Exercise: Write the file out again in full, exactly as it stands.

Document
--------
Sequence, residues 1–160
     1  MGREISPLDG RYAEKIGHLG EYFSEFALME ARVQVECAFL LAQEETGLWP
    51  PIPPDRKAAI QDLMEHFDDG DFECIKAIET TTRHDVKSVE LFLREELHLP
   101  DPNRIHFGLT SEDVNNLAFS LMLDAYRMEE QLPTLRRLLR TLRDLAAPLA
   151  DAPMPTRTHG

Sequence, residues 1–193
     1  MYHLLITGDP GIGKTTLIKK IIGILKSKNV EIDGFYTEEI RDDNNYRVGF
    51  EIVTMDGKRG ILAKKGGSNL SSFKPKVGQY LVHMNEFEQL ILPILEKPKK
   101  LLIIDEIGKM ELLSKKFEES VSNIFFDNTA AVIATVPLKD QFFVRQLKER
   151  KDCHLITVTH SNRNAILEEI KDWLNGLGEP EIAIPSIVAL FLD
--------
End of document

Sequence, residues 1–160
     1  MGREISPLDG RYAEKIGHLG EYFSEFALME ARVQVECAFL LAQEETGLWP
    51  PIPPDRKAAI QDLMEHFDDG DFECIKAIET TTRHDVKSVE LFLREELHLP
   101  DPNRIHFGLT SEDVNNLAFS LMLDAYRMEE QLPTLRRLLR TLRDLAAPLA
   151  DAPMPTRTHG

Sequence, residues 1–193
     1  MYHLLITGDP GIGKTTLIKK IIGILKSKNV EIDGFYTEEI RDDNNYRVGF
    51  EIVTMDGKRG ILAKKGGSNL SSFKPKVGQY LVHMNEFEQL ILPILEKPKK
   101  LLIIDEIGKM ELLSKKFEES VSNIFFDNTA AVIATVPLKD QFFVRQLKER
   151  KDCHLITVTH SNRNAILEEI KDWLNGLGEP EIAIPSIVAL FLD